This work plan covers from 2019 to 2020.
Suriname is a country of approximately 560.000 inhabitants, with a long history in the extractive sector. Currently the country’s economy is dominated by the extractive industry: oil and gold account for approximately 85% of the country’s exports and 27% of its government revenues.
The State-owned enterprise Staatsolie is the predominant company in the country’s oil sector: they explore, drill, produce, refine, market, sell and transport petroleum in Suriname. Until 2016 Staatsolie had been mainly active in onshore production, and ever since has been the contracting party for IOCs on behalf of the government for offshore exploration. Apache Suriname Corporation LLC (Apache) and Total have recently made the first-ever offshore discovery for Suriname.
In terms of mining, Suriname had a prosperous bauxite industry for decades. However, the main company shut its aluminium smelter in 1999 and in 2015, alumina production in the refinery was stopped. Currently, the gold industry has surpassed the bauxite/alumina industry, and represents an essential export good, making up for approximately three-quarters of its exports by value in 2017. The Artisanal and Small-scale gold Mining (ASM) plays an important role in Suriname, particularly for the gold production.
Suriname's latest EITI report covers fiscal year 2017.
Suriname announced its commitment to join the EITI in February 2016, and became an EITI implementing country in May 2017.
Suriname has published two EITI Reports, covering fiscal years 2016 and 2017, respectively. The MSG has defined as the main strategic objective for Suriname EITI to mainstream EITI implementation within government systems. With this intention in mind, their 2019-2020 work plan includes the following objectives for implementation: disseminating key information from EITI Reports; implementing the Beneficial Ownership Roadmap; and expanding the reporting scope to also include construction materials.
The MSG has acknowledged that there are still some challenges to overcome regarding the implementation of the EITI Standard. Nonetheless, by the end of 2019 the government made a significant step in terms of transparency of licenses in the mining sector, by launching an online system for its allocations. Previously, licensing in Suriname was handled through paper forms, but the portal launched by the government has allowed to mainstream the process by requiring applications to be submitted digitally. This enables the users to track the applications throughout the process, making the cadaster data more easily accessible to the public.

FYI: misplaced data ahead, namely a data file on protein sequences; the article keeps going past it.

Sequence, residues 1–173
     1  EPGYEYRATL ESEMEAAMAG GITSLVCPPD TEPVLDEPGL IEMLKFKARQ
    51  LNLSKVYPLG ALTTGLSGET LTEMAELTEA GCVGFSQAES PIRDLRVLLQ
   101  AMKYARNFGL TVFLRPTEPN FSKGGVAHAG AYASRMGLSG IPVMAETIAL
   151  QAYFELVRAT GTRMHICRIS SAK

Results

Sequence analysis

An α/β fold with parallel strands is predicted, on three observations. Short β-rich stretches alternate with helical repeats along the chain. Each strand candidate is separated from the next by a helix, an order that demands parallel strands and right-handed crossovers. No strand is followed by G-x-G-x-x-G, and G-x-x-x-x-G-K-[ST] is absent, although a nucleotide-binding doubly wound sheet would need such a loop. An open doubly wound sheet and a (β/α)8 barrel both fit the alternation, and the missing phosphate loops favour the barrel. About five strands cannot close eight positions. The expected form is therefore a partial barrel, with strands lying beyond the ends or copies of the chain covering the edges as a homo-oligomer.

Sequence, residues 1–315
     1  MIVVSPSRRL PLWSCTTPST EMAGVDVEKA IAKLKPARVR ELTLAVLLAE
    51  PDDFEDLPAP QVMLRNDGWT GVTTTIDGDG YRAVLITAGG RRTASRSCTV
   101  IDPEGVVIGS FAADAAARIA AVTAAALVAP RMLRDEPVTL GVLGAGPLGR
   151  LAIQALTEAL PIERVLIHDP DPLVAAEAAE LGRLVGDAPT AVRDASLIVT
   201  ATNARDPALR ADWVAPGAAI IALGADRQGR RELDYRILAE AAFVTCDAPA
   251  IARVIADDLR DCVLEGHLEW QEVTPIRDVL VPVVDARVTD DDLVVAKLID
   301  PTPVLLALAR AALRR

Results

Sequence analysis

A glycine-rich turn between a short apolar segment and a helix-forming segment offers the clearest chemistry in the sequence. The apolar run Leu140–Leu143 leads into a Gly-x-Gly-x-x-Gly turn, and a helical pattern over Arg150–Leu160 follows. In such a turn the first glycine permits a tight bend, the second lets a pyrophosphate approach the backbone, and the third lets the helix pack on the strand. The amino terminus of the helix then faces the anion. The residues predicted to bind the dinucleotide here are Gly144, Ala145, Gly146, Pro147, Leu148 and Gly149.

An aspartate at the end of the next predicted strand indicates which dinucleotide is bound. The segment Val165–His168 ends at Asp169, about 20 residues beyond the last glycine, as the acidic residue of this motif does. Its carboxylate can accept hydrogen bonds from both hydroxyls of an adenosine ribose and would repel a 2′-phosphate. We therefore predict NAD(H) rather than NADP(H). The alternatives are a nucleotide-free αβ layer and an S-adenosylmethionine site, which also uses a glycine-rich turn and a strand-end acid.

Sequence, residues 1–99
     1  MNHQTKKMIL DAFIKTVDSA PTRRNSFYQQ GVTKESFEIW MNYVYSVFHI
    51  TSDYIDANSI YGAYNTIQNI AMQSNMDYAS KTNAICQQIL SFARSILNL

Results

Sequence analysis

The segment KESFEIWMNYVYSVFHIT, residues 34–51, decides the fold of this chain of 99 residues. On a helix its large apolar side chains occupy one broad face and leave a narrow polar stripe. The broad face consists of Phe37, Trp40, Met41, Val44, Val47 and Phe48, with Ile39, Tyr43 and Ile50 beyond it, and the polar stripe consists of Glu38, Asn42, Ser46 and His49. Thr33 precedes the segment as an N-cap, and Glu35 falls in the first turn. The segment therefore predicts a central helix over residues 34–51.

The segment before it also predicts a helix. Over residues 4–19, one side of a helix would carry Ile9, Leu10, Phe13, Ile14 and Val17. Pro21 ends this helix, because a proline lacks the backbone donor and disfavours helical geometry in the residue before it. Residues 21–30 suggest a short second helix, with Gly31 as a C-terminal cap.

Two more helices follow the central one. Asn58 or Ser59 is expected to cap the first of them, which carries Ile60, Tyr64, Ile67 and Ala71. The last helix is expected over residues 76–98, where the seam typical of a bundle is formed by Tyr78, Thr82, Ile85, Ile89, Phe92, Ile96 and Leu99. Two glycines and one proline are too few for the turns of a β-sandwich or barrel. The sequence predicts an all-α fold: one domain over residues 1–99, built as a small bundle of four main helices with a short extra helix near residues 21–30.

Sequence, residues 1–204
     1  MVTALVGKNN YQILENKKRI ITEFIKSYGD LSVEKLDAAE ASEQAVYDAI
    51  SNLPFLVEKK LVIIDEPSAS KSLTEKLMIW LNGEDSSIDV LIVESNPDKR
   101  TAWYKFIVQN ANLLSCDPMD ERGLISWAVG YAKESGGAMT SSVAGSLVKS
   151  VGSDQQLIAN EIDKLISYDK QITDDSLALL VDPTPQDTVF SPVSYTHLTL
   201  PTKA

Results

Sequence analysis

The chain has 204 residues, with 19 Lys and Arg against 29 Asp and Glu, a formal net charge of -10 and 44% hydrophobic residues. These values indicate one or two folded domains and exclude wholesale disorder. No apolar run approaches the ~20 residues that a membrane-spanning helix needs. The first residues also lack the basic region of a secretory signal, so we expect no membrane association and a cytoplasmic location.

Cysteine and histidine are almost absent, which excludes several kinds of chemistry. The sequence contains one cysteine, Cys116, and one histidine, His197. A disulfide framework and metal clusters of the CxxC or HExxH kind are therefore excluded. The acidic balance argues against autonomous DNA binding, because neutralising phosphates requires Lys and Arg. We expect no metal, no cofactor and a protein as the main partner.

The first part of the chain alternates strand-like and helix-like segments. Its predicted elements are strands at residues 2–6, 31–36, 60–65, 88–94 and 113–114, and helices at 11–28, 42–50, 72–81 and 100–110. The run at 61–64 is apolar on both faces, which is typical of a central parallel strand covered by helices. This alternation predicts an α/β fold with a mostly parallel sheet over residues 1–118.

The ministries responsible for the extractive sector in the country are the Ministry of Finance and the Ministry of Natural resources. The Ministry of Finance is responsible for the government budget and collection of direct and indirect taxes and other levies relating to the sector. The Ministry of Natural Resources oversees and stimulates the natural resources sector. In terms of revenues, these are allocated centrally: meaning that there is no direct earmarking to specific project or sub-national budgets.
The EITI Champion for Suriname is the Minister of Natural Resources, David Abiamofo, and the National Coordinator is Clyde Griffith. The multi-stakeholder group of Suriname EITI is comprised by:
- Ministry of Natural Resources.
- Ministry of Finance
- Ministry of Regional Development
- Ministry of Trade and Industry
- Kosmos Energy
- Rosebel Gold Mines/IAMGOLD
- Newmont Suriname
- Canasur Gold
- Nana Resources
Civil Society constituency
- Stichting Projekta
- VSG & 12 Lo’s
- Green Heritage Fund
- Tropenbos Suriname
This is the 2018 Annual Progress Report for the Suriname Extractive Industries Transparency Initiative (SEITI). The report provides a snapshot of the activities of our Multi-Stakeholder Group (MSG) and EITI Secretariat in 2018.
The following is Suriname's EITI Report for the fiscal year of 2017.
This is Suriname 2016 EITI Report published on 25 April 2019